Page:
Fish is a wonderfully nutritional food, rich in the omega-3 fatty acids that can reduce inflammation, enhance our cognitive and behavioral function and help in the prevention of heart disease and arthritis. While many reports over the years have put a good scare into fish-lovers with news of the high level of mercury found in our seafood, the general expert consensus advises we eat it in moderation, having about 2 servings a week. There are a variety of ways to prepare and cook some of your favorite fish – here are some classics, along with a few tips for making sure your dish turns out well.
Broiled is ideal for fish that when dressed has a thin, flat surface with its oils distributed throughout the flesh, such as bluefish, shad or mackerel. Whether broiling on charcoal, electric or gas, first brush the fish well with butter or oil and be sure to cook evenly and slowly. Baste with butter once or twice more while broiling, for an average total cooking time of around 15 or 20 minutes, turning periodically as needed.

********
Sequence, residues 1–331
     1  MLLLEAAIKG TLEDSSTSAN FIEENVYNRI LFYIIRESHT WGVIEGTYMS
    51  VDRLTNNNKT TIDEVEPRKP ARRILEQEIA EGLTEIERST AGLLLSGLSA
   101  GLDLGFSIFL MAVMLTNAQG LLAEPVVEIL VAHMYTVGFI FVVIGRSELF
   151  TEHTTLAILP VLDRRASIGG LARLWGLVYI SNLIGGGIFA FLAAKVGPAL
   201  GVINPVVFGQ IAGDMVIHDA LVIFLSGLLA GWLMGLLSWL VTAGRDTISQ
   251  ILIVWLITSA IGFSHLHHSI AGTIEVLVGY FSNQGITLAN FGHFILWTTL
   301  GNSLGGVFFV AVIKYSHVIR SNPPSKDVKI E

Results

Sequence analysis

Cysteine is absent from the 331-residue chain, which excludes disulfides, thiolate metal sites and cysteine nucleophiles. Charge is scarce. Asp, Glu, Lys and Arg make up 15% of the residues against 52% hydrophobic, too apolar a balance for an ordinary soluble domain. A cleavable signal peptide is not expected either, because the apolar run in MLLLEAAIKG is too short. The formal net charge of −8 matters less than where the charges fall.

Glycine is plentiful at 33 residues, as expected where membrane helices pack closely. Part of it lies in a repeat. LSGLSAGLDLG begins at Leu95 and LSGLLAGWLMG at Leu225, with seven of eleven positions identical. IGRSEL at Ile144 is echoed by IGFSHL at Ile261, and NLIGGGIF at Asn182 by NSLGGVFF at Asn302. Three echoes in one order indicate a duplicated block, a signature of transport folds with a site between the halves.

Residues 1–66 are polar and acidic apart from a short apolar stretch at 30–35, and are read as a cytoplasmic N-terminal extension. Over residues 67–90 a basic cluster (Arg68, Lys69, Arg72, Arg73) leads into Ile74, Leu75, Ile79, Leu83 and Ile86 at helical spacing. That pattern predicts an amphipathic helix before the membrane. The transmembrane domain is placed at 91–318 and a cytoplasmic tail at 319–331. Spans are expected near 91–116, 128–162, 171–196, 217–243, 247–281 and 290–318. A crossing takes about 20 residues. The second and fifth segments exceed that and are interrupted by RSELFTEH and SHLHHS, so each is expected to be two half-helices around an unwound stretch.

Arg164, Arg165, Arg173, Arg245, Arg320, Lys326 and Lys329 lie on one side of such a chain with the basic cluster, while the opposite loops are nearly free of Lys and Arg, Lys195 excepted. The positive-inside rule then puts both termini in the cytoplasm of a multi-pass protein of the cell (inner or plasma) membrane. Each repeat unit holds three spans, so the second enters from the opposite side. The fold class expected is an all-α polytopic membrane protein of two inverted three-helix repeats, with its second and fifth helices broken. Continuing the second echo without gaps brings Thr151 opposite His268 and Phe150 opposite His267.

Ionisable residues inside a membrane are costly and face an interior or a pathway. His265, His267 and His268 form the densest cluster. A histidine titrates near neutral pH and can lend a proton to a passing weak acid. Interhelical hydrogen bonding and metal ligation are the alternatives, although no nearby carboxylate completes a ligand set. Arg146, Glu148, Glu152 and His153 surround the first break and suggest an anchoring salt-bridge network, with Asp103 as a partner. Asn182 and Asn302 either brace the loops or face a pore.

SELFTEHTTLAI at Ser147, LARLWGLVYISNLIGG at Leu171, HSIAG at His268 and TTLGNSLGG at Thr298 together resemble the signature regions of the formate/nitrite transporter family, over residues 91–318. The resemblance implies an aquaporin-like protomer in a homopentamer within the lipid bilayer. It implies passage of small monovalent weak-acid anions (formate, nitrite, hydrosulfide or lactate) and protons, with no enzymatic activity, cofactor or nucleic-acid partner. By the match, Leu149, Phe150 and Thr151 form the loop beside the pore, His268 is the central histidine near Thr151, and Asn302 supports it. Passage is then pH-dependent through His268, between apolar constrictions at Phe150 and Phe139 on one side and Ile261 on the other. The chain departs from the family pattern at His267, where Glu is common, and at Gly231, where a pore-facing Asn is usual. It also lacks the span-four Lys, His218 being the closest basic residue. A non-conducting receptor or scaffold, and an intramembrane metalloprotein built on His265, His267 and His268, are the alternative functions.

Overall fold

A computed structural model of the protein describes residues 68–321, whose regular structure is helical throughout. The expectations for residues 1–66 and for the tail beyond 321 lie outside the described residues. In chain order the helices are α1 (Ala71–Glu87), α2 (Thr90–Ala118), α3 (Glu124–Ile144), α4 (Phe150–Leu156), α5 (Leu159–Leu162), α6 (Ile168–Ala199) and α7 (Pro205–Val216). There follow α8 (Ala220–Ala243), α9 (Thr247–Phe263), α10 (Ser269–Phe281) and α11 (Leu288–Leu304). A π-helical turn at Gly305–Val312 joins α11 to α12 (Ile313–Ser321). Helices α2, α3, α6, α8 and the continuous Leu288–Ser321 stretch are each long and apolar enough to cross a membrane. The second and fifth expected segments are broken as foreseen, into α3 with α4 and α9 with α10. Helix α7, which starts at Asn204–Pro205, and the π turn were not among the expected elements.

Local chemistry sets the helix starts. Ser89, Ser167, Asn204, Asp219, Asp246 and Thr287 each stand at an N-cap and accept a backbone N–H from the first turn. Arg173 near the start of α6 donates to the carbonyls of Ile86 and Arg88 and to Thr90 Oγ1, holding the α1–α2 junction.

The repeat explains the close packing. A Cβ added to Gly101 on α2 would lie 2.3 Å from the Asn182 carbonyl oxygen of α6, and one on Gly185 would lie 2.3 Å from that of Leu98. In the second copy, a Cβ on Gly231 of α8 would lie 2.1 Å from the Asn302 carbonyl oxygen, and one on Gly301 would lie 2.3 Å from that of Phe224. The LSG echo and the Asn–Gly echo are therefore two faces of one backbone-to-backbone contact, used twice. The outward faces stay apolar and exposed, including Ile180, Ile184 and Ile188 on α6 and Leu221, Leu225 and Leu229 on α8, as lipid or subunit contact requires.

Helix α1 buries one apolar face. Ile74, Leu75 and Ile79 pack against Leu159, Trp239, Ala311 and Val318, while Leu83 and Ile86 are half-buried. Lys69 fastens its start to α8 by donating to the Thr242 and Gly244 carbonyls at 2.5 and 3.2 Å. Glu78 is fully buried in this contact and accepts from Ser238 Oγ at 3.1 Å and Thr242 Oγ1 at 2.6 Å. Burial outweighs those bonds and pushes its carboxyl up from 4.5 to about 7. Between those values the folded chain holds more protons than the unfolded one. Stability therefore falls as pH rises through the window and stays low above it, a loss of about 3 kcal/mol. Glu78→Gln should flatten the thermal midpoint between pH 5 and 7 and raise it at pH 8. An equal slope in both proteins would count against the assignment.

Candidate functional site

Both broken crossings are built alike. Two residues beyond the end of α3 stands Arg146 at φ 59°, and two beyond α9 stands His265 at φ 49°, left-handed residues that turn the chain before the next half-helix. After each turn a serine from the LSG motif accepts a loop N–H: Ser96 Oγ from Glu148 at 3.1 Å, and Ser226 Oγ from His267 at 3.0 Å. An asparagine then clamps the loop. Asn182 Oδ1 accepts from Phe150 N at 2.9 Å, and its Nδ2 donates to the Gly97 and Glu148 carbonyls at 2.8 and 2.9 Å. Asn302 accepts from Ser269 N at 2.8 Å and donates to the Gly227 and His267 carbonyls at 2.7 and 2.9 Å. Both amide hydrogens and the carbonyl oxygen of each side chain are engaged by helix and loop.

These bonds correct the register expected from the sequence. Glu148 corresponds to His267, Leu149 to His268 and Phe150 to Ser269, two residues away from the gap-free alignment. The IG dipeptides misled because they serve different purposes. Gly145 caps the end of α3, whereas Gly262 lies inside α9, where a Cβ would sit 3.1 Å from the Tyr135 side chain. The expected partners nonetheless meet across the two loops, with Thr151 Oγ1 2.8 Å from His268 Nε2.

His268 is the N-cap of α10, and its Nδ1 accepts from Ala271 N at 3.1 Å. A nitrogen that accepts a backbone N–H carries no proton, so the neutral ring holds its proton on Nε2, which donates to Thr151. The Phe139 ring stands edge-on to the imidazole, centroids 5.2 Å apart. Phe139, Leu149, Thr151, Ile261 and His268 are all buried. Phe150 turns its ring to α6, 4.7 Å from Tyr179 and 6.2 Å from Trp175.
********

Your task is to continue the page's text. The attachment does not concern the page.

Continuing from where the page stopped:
Baked fish is another very popular preparation method when baking dryer type fish, but you’ll want to be sure to baste the fish well to maintain its taste and texture. Some ideal fish to bake includes halibut, salmon, bass, whitefish, and bluefish. Another delicious dish is baked stuffed fish, stuffed with something such as a small amount of crabmeat or vegetable-based stuffing.
Frying is ideal for any small fish and fillet. Preparation is simple: after cleaning and washing the fish, just season it with salt and pepper. Then roll it in flour; immerse it in egg yolks and then cover with breadcrumbs. When frying, it’s important to make sure that the fish is completely covered with the egg and breadcrumbs so the fish can have an oil-proof barrier. The cooking fat must be hot – smoking hot – and well maintained throughout the cooking process. And finally, make sure you drain the fish of all the fat and oil after it’s finished frying.
Sauted is another great option for small fish or fish pieces. Season with salt and pepper then roll in flour or fine dry breadcrumbs, and proceed to cook in hot fat, turning when golden brown and cooking both sides evenly. Make sure that the fat in the pan covers just enough of the pan to keep the fish from sticking.
It’s a good idea to introduce some color to your fish dish by adding a garnish (such as parsley, tomato slices, lemon slices or wedges, cucumber twists) and serve with a side of tasty rice and some fresh green vegetables and you’re all set with a nutritious and delicious meal!
Author: Jana BanksThis author has published 1 articles so far.